The story was gripping and sounded plausible, even though we knew it to be fiction. But I admire your desire to deal with the basic problem of an alien culture – that of communication.Humans, and for that matter, many other living things, are bad at communicating with other species on Earth. I am reminded of a story told by the lone sailor, Bernard Moitessier. He was in the southern ocean, steering a course that would clear the summit of an underwater mountain he knew was two days ahead, when a family of dolphins came alongside his boat, Joshua. They turned on their side and looked up at him and when they had his attention the big male swam out in front of the boat, looked back and then veered to the right a small amount. Meanwhile the others banged the left-hand side of his boat. Nothing. Big male swims back, looks at Gilbert for a while and repeats his manoeuvre. Eventually he understands they want him to  follow them so he decides to do it, even though he is convinced they will maroon him on the mountain.

Two days later there is no sign of the peak and they smile their dolphin smiles and leave him. At this point he realizes that the mountain had been marked in the wrong place on the chart and that the dolphins had guided him away from certain disaster. They knew two days ahead. They must have thought he was a slow learner since it took them so long to convince him what they wanted him to do.. Lots of other aliens on our planet, and we know so little about them,  though I suspect they know quite a lot about us….

  I do hope you are able to glean some rewards from your new burst of creative energy and that someone with money can see the possibility of turning “Disestablishment” into a film, where it would be sure to find a huge audience.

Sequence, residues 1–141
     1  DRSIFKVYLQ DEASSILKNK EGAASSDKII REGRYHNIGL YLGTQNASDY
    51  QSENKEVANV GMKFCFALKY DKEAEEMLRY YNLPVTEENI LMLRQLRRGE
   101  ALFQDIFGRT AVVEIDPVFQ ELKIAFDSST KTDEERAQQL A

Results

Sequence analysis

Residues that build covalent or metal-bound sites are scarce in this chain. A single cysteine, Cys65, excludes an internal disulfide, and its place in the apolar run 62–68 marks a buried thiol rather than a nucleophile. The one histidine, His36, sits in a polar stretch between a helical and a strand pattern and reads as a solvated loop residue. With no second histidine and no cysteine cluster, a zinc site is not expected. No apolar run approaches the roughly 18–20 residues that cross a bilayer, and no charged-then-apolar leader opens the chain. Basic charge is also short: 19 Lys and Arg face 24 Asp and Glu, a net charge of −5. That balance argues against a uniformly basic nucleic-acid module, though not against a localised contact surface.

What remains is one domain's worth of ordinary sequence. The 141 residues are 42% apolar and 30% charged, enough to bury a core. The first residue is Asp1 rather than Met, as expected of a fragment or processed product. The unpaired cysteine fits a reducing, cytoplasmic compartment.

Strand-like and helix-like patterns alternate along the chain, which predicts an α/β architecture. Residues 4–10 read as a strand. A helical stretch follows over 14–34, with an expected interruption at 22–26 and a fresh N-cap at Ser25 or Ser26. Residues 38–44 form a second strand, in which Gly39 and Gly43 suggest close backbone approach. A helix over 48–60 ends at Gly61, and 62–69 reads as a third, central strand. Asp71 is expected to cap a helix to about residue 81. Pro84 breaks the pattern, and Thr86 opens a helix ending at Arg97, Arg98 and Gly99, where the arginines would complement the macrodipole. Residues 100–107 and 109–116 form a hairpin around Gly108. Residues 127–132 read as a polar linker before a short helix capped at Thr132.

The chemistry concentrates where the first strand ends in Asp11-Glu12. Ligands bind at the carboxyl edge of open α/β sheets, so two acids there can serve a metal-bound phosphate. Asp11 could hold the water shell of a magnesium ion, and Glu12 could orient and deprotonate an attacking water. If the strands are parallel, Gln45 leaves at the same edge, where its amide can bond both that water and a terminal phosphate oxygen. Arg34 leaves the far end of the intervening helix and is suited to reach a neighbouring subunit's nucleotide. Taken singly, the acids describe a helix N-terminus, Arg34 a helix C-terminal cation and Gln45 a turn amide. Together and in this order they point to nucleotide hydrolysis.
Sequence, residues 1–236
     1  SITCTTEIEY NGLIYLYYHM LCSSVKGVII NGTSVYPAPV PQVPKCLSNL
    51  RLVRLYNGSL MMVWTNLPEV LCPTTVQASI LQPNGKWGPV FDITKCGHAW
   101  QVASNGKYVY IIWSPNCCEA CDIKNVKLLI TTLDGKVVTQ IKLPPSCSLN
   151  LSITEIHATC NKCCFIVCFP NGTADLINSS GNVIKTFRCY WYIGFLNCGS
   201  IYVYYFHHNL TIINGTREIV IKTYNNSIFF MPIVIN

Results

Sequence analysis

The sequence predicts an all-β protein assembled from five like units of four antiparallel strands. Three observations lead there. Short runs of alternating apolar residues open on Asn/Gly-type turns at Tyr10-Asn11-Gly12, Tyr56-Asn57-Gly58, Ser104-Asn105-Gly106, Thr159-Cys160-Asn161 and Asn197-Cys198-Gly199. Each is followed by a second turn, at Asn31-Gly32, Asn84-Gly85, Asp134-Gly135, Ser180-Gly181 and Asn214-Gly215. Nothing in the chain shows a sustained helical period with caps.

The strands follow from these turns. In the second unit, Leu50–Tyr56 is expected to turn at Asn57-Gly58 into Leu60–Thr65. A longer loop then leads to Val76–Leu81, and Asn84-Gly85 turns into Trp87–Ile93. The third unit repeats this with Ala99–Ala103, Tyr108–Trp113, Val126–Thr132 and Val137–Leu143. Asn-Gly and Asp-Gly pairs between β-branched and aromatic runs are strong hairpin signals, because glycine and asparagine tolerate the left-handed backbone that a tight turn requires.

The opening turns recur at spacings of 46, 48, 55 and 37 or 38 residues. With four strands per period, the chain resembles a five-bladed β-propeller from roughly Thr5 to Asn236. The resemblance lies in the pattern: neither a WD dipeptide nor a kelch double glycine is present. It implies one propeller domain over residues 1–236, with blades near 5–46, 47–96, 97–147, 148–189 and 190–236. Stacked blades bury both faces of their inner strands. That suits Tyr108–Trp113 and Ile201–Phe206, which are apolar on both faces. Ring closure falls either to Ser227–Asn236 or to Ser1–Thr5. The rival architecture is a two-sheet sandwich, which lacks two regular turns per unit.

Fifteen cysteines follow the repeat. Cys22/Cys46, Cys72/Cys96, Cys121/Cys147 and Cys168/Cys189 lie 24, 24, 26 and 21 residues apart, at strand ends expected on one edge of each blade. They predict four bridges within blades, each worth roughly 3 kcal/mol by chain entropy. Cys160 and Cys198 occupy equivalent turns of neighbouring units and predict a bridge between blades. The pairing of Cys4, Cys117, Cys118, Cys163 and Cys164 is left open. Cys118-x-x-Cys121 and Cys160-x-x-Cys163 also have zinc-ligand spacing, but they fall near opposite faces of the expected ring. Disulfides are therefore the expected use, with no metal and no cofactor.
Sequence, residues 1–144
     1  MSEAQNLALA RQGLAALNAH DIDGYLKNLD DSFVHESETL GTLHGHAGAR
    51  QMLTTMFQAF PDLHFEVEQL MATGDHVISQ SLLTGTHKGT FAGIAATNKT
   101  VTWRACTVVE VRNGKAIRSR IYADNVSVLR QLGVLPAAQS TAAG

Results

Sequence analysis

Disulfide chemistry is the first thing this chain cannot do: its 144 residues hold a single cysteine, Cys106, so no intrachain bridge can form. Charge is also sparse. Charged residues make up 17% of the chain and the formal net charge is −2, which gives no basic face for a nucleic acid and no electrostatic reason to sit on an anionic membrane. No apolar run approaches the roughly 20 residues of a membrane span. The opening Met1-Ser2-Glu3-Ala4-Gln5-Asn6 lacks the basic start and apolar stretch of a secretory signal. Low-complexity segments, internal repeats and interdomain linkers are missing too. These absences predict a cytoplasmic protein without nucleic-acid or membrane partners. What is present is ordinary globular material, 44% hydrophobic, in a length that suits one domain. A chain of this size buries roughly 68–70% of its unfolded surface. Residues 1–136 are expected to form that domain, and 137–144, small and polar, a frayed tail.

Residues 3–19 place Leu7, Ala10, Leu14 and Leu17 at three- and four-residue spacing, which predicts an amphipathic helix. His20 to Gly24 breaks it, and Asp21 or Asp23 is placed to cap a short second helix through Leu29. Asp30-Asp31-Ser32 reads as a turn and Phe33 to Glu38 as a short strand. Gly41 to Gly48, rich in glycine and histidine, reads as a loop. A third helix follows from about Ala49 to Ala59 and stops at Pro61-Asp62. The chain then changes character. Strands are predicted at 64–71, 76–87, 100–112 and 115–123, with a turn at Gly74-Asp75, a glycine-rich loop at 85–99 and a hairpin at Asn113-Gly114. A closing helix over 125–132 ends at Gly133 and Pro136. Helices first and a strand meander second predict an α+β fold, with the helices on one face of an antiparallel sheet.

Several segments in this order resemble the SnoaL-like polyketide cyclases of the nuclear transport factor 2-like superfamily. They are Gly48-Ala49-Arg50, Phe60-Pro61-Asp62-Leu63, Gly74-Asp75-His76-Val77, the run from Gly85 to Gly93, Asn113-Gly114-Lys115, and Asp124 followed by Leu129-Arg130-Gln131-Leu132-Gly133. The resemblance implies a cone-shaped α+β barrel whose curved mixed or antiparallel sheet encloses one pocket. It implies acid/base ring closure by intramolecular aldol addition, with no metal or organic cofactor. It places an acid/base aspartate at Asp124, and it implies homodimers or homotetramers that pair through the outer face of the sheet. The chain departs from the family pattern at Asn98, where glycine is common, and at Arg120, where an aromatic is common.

Yours,

A and M xx

***

Bernard Moitessier was a renowned French yachtsman and author of books about his voyages and sailing.

A personal Note

With the help of my son, I have set up an Authors Facebook Page to coincide with the release of my latest book The Disestablishment of Paradise . Feel free to ‘Like’ the page, make suggestions, leave comments and share your thoughts

http://www.facebook.com/pages/Phillip-Mann/145385802288735

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My new Facebook Page

Hi Everybody,

With the help of my son, I have set up an Authors Facebook Page to coincide with the release of my latest book The Disestablishment of Paradise . Feel free to ‘Like’ the page, make suggestions, leave comments and share your thoughts

http://www.facebook.com/pages/Phillip-Mann/145385802288735

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      The following are my replies to questions put to me for inclusion on the Gollancz website to coincide with the publication of the book.

*

How did the idea of Paradise come to you?

    Like many people, I have the sense of a time, long, long ago, – so far ago indeed that it blurs into mythology – when man lived in harmony with Nature. To live then was to live in Paradise. Nowadays, this is a somewhat misty ideal, obscured by the reality of what we have done to this lovely earth of ours, but potent none the less because respect for Nature is the foundation of all our ethics. Love and nurturing are as real in their own way as birth and death.